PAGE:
WHILE the officers and friends of education in large cities are * » exerting themselves to provide open-air playgrounds for the schools, the villages and smaller towns all over the East are reversing the case. Except in the small district schools, the children's playground has almost ceased to exist.
This is an evil which has crept in with the tendency to centralize the schools. When in any place the schools begin to overflow, a movement to put up a larger building takes place, accompanied by an effort to create a high-school department; not so much the need of the community as the ambitious dream of some principal who would be superintendent, or some sort of central sun to a group of satellites. This dream is too easily realized, because it flatters the people. Then there rises a preposterous structure of stone and brick; a house of many gables, out of keeping with everything, either public or private, in the place; a temple of vanity. Now is rung the knell of the school playground, for the new "high school," although it will house all the children from five to fifteen, must needs be surrounded by a fine lawn, studded with shrubbery, and threaded by bluestone roads. The janitor has to employ an assistant to keep the grounds in order. A shut-in, penitentiary like place has been evolved by the architect and school committee, gratifying to their pride and a deep wrong to the children. There are many wrongs about it; the one insisted upon here is the abolishing of the recess, that time-honored joy of the American schoolboy and schoolgirl.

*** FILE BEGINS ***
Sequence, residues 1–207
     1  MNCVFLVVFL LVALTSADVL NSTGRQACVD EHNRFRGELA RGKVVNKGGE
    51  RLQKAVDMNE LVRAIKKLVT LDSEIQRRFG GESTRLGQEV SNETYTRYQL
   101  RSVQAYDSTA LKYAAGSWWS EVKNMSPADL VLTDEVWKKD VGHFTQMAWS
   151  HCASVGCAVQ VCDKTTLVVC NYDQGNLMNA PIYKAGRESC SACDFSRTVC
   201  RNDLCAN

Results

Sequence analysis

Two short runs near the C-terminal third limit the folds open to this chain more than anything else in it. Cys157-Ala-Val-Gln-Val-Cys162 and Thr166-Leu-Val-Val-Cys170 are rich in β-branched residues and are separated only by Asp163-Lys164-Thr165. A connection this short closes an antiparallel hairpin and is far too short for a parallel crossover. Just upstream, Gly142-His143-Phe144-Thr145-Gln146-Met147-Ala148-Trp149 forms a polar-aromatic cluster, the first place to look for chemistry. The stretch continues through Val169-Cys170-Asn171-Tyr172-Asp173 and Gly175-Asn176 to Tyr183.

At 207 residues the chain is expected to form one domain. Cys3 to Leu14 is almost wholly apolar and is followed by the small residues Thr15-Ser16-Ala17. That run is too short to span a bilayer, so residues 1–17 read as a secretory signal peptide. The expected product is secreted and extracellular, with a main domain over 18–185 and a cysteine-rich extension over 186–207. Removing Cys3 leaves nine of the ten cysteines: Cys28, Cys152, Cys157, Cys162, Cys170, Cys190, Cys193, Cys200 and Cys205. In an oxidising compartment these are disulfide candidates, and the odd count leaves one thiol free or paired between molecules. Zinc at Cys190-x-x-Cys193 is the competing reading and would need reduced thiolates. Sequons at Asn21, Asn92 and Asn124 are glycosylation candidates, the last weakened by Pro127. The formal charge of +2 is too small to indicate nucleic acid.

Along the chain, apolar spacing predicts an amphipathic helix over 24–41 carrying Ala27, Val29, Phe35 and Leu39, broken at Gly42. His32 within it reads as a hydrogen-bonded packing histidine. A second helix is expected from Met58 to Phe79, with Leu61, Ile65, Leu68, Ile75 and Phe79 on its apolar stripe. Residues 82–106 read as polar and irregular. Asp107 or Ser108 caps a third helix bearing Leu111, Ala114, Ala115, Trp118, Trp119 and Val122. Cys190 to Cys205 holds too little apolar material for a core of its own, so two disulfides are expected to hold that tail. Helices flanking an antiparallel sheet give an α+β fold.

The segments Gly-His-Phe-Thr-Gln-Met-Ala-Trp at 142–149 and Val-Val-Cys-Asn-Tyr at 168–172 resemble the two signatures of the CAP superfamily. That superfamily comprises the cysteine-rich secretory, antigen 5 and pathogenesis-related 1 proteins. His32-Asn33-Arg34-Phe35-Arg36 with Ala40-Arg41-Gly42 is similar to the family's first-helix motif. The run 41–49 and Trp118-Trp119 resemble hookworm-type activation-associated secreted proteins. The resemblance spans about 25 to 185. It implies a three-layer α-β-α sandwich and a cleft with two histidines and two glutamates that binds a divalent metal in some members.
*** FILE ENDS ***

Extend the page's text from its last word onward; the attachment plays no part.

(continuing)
The cheerful sounds of play no more re-echo; the little ones march in "lock step" from the doors to the very curb of this immaculate ornate inclosure. If, on this beautiful lawn, any impulsive youngster is caught running, or performing an instinctive hopscotch or leapfrog, he is sure to be seen by a watching and powerful janitor and reported. Leapfrog and profanity, in the true Draconian spirit, are alike visited with the extreme penalty of a visit to the principal's office. However, in default of a playground, the new schoolhouse provides a gymnasium for physical culture. I speak now of a particular school, the pride of a simple village, and a type of many. This gymnasium is a costly room filled with elaborate apparatus, most of which is suited only to the high-school pupils, and never touched by the majority, who leave school at twelve or thirteen; their physical exercises have been chiefly provided for by a box of dumb-bells and wands. In many schools the "gym-